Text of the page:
• Learning about and preserving the Milkweed and meadow habitat at Scowen Park
  • Raising community awareness about Monarch conservation
  • Leading educational activities and citizen science data collection days
  • Building a nursery where the public can witness the magic of Monarch metamorphosis

Consider this article as Part I of several outlining this exciting project as well as the fascinating natural history of the Monarch, pollinators in general, and the habitats on which they depend. We could not be more thrilled to be moving forward with this and we invite you to get in touch if you have resources to share or have an interest in getting involved.
Build Your Nature Vocabulary

Use the text and search the web to build your nature vocabulary and try using it the next time you’re out and about in nature, either making observations by yourself or with friends!

  • Chrysalis
  • Endangered (vs. Threatened)
  • Deforestation
  • Indigenous plants
  • Metamorphosis
  • Umbel
  • Citizen science

References

About the author of this article :
Mark Gloutney is Ducks Unlimited Canada’s national Director of Science, Education and Business Planning.

 

Originally published in The Globe and Mail on September 9, 2022
Thank you for granting us permission to share this article.

Reading Time: 4-6 minutes

Chances are high that you saw it over the summer at your favourite lake: thick scum on the water’s surface, often resembling pea soup. Blue-green algae (also called cyanobacteria) can render water unsafe for swimming and often makes people, pets, livestock, and wildlife sick.

In July, Nova Scotia listed 26 waterways suspected to have blue-green algae blooms. Officials with Alberta Health Services identified blue-green algae in areas of Camp Lake, east of Edmonton, and Haunted Lake (an ironic name for a place fouled by the sinister sludge), east of Red Deer. The Saskatchewan Health Authority issued a blue-green algae warning for Little Manitou Lake, southeast of Saskatoon. British Columbia’s Capital Regional District saw toxic algae blooms in three different lakes across two regional parks in August.

In other areas, the issue has been a recurring problem. For the past two decades, federal authorities have been closely monitoring algae conditions in three lakes with chronic blooms – Lake Winnipeg, Lake of the Woods and Lake Erie. The recently released State of the Great Lakes 2022 Report, published jointly by Canada and the United States, suggests there’s still a long road ahead for some of these iconic waterbodies, citing “significant threats to the Great Lakes ecosystem, including the impacts of nutrients.”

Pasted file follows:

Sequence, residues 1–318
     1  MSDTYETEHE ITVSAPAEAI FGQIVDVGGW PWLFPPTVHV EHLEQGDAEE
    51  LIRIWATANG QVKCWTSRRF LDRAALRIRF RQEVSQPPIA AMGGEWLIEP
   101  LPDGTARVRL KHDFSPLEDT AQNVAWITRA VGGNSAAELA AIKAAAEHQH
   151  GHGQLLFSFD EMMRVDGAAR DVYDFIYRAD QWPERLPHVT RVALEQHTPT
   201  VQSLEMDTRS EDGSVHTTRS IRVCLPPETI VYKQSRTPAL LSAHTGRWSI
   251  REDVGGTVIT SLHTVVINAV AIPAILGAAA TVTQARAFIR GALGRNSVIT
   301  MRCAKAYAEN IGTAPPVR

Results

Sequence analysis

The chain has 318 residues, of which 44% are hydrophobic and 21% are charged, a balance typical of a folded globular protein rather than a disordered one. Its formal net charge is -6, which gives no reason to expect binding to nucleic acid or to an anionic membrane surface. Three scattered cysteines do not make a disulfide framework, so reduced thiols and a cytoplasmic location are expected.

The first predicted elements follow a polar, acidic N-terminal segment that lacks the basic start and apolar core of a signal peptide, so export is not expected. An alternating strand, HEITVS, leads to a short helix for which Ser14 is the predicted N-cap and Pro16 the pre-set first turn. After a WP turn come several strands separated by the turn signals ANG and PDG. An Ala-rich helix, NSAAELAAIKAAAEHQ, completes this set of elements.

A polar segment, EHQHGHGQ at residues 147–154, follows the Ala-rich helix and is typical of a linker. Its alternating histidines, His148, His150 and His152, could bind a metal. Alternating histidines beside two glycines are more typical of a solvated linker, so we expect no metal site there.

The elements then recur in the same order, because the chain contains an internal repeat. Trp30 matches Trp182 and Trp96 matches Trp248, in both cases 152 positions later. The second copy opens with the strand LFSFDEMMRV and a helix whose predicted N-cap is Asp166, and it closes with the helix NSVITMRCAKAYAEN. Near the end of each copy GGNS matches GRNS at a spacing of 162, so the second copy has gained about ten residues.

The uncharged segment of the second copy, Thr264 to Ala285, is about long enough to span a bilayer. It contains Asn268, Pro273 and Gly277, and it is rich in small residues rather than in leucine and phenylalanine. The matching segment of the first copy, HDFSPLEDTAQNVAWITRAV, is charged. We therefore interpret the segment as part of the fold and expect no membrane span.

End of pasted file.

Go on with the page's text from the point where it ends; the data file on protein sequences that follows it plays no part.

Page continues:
While algae occur naturally in water, excess nutrients feed overgrowth. The problem often begins far away. Runoff water from the watershed flows downstream, carrying nutrients such as phosphorus and nitrogen. This could be a result of agricultural runoff, sources such as improperly managed septic fields, or wastewater treatment overflows.

Climate change is only making matters worse. Hot weather creates favourable conditions for blue-green algae blooms. August saw heat warnings issued in five provinces, spanning Eastern Canada from Ontario to the Maritimes. British Columbia also saw days of record-breaking temperatures this summer. As heat waves drive more people to seek respite in the water, the sickness plaguing Canada’s lakes may turn them away. People and animals exposed to toxic algae blooms can experience sudden flu-like symptoms and neurological problems.

Facing this, what can we do to keep our lakes healthy and clean? Protect and restore our natural wetlands.
Wetlands are amazing ecosystems that slow runoff flows, keeping excess phosphorus, nitrogen, and other harmful nutrients from lakes and streams. But they continue to be undervalued. Shrouded by cattails, the still and shadowy waters of marshes, ponds and bogs are often mistaken as a symptom of poor water quality rather than a solution to it. But don’t let appearances fool you. Wetlands are one of the most powerful solutions for chronic water issues.

Conservation organizations have long touted wetlands as water filters and a natural defence against the growth of blue-green algae. New research is quantifying this power.

For two years, Ducks Unlimited Canada studied eight small restored wetlands on the north side of Lake Erie to measure their ability to reduce nutrients in water before it reaches a lake. These small wetlands were low-lying, “edge-of-field” areas that had little value for crop production but enormous value in catching runoff from the surrounding agricultural lands. The wetlands retained 60 per cent of the most problematic form of soluble-reactive phosphorus from the water. They also retained 46 per cent of total phosphorus and 47 per cent of total nitrogen. Complementary research conducted in Manitoba showed that draining wetlands increases the amount of nutrients delivered to rivers and lakes downstream.